Similar to "Es heißt", "Ich heiße euch", "Ich heiße es", "mir ist", "mich wundert" this construction can be seen as having a recipiect in the front and the actor in the back.
Zuhause war der Himmel Blau.
No doubt "Himmel" is the subject, but "Zuhause" is the theme. Comparing similarly "Mir war das Glück hold", "Das Glück war mir Hold", this seems to be a clear case. Your variant is inadmissable, "* Mir das Glück war hold" is not grammatical in modern usage, and at best reminds of archaic phrases (for which I have no example at hand).
The original phrase using "Und kaum zuhause angekommen" is interesting in its own right, but hardly matters here. Indeed, *Zuhause angekommen war der Himmel ..." would sound as if the sky had arrived. This can be seen in a transformation analoguous to "Glück above". "* Der Himmel war kaum zuhause angekommen blau". Of course, personal genitive pronouns bind stronger, and move differently than adverbs of place, let alone participles, so the example is a bit contrived. This does not impede the verdict. Arguments from transformation have little relevance overall.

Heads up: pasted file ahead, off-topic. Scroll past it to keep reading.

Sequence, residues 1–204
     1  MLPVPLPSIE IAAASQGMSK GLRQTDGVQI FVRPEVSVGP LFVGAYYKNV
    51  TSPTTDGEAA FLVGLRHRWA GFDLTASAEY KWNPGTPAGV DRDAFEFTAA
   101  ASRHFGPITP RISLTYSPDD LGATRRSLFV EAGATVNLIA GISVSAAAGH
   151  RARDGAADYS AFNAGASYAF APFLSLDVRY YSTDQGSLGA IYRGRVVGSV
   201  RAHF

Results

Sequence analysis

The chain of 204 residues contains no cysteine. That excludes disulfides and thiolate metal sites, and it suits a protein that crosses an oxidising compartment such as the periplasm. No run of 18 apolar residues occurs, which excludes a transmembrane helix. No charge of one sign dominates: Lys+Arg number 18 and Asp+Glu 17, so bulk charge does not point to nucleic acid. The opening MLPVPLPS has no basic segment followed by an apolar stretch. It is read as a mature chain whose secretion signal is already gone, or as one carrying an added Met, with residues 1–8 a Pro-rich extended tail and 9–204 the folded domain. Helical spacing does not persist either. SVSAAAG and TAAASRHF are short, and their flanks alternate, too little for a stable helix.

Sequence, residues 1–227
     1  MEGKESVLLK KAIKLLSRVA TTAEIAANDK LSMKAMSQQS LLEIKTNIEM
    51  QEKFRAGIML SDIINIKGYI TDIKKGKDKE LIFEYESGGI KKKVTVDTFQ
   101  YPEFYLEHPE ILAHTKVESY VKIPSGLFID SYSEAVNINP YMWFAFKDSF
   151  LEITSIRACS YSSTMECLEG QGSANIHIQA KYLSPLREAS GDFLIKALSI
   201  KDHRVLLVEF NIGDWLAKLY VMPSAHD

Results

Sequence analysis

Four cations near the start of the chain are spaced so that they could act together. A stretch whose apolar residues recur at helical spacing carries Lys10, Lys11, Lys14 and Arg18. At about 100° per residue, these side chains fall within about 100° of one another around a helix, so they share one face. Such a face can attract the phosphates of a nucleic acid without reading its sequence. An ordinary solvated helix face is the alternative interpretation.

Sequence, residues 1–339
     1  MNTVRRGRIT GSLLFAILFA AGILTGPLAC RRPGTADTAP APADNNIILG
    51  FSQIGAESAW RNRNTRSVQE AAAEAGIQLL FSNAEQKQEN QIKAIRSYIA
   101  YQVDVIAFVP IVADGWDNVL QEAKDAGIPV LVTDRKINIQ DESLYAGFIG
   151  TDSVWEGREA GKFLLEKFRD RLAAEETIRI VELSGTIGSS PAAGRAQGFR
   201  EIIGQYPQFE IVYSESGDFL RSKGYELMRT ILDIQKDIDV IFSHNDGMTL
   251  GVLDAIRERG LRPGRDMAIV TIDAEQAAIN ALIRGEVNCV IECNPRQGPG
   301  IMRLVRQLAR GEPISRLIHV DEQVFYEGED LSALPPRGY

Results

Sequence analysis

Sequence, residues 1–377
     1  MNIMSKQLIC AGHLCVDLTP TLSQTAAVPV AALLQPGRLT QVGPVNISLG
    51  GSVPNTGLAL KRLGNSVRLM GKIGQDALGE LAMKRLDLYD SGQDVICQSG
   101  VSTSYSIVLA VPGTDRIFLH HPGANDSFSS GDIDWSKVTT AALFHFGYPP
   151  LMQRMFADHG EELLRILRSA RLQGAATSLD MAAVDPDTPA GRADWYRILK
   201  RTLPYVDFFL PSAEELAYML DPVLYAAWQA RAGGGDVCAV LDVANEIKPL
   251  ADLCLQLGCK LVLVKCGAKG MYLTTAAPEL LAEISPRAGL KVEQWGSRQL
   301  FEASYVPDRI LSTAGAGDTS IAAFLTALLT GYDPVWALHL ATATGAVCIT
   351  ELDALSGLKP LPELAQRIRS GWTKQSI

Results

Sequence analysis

Adding Und in front magically changes the expression into a formulaic verse with a zero-pronoun. We can imagine that Und draws it in from the context. I will also note that und in this place very much reminds of end-lich. While "Ende zuhause angekommen" sounds odd, the semantics are reasonable.
I will also note that auxiliary "haben" could be left out in some archaic construction (Nathan der Weise "Wer hat je gehört, dass Saladin ... bestraft" [Todo: link]), and that English "has come, has arrived" indicate that this could have been the case in a precursor of this formular.